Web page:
What food is safe during a power outage?

By

Published October 31, 2012

| FoxNews.com

The power is out, what to do? Hurricane Sandy has left many Americans without power and as electricity companies work to get power restored, your probably left sitting in the dark, bored, and wondering which foods in your hurricane survival kit are safe to eat sans refrigeration. Even if you haven’t lost power, have gotten power back or are still waiting for it, running the risk of a foodborne illness from spoiled foods is just not worth it. So, what do you need to know?

If power is out for 2 hours or less, refrigerated and frozen foods are still safe to consume. Keep the refrigerator and freezer doors closed as much as possible so food stays cold longer because when refrigerated or frozen foods become too warm, foodborne bacteria can grow. Rule of thumb: a freezer that is half full will hold food safely for 24 hours; a full freezer will hold food safety for 48 hours.

After 2 hours, food safety begins to be compromised.

• If you have coolers with ice, transfer milk, dairy products, meat, fish, eggs and leftovers and pack tightly.

• If you have a food thermometer, 40 degrees Fahrenheit is your number. Throw away any foods that have a temperature above 40 degrees Fahrenheit.

• If it has been 2 hours and your refrigerator is above 40 degrees Fahrenheit there are some condiments and foods are safe. Foodsaftey.gov has a list of what to keep and what to toss HERE

Nonperishable Healthy Meal Options:

• Fruits: Apples, Avocado, bananas, citrus fruits, kiwi, mangoes, melons, nectarines, papayas, peaches, pears, Persimmons, pineapples, plantain, plums, pomegranates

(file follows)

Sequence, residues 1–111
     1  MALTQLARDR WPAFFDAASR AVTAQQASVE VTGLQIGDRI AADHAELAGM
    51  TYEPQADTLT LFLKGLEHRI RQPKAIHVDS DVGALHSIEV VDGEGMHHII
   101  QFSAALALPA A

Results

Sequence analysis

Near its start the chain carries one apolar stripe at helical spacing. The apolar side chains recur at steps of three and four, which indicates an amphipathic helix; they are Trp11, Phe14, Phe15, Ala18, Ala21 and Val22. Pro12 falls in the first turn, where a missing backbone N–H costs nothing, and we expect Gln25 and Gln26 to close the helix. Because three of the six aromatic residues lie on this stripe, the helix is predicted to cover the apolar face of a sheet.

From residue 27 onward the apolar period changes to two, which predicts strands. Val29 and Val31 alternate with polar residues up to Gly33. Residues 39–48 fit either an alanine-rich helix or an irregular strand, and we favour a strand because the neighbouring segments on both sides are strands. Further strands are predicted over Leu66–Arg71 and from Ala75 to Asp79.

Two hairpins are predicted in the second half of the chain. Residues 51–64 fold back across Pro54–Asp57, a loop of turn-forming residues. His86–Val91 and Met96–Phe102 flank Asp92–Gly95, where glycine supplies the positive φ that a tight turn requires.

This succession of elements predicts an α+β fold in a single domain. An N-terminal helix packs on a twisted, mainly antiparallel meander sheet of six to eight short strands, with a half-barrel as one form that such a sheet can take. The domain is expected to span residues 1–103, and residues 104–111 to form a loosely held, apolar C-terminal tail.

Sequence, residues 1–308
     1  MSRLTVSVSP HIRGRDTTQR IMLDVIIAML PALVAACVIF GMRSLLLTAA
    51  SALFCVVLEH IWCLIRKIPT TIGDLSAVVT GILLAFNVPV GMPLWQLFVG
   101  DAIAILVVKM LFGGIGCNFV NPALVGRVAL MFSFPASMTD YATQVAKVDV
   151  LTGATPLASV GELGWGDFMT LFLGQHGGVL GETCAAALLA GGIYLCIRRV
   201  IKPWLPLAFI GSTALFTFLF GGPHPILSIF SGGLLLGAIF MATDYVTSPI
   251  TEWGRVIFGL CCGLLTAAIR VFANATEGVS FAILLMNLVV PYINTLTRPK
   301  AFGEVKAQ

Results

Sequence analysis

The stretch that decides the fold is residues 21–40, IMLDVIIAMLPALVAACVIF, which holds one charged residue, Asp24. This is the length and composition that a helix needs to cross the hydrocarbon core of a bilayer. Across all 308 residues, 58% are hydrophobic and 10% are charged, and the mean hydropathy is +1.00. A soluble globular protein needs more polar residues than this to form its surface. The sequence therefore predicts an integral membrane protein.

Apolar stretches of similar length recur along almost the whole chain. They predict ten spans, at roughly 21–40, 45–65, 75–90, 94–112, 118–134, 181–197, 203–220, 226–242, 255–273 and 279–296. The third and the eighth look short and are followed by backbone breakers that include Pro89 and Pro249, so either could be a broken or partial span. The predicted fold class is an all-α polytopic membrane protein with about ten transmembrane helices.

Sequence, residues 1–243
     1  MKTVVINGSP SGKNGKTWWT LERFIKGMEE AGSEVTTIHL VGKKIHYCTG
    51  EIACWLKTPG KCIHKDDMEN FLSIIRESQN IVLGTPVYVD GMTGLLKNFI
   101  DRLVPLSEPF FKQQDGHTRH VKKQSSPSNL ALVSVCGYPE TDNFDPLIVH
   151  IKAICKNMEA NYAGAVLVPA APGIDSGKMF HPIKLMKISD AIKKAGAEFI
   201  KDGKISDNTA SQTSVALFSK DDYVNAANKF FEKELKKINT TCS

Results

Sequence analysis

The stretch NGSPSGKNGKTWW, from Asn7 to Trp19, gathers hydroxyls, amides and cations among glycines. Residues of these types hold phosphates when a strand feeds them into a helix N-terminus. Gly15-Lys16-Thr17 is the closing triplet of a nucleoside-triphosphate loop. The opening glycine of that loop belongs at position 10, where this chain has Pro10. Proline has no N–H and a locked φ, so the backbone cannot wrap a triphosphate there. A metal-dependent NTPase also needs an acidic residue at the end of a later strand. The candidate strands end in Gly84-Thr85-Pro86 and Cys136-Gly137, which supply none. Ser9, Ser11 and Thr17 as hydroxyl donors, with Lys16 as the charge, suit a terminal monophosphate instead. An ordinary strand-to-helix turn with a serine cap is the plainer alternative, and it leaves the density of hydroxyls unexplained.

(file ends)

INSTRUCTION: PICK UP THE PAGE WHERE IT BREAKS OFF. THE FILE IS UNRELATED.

• Vegetables: Cucumber, eggplant, garlic, ginger, jicama, onions, peppers, potatoes, pumpkins, sweet potatoes, tomatoes, winter squashes

• Dried fruits

• Jerky (beef, turkey etc)

• Canned tuna and salmon

• Canned soups (if you have a gas stove)

• Canned vegetables (hearts of palm and artichokes)

• Canned beans (chickpeas are great tossed in tuna)

• Nut butters

• Whole wheat crackers and breads

• Whole grain cereals

• Pasteurized low fat and skim milk (Parmalat), powdered milk

For those rummaging through their pantries, here are other food safety tips for items you may already own:

What do the dates stamped on food products mean?

The three most common dates are Sell-By Date, Use-by Date, and Expiration Date.

Sell-by Date: Sell-by Date refers to the last day a retailer can display a product for sale; typically a food is safe to eat for 10 days after the Sell-by Date if refrigerated properly.

Use-by Date: Use-by Date refers to the last day a product will maintain its optimum freshness, flavor, and texture. Beyond this date, the product begins to deteriorate although it is still edible.

Expiration Date: Expiration Date means what it says, if you haven’t used a product by this date- toss it.

Milk

Skim milk does tend to last a few days longer than regular milk.  According to research from Cornell University this is because some bacteria develops more slowly in skim milk.  The unsaturated fatty acids of whole milk cause compounds to break down and create rancid odors.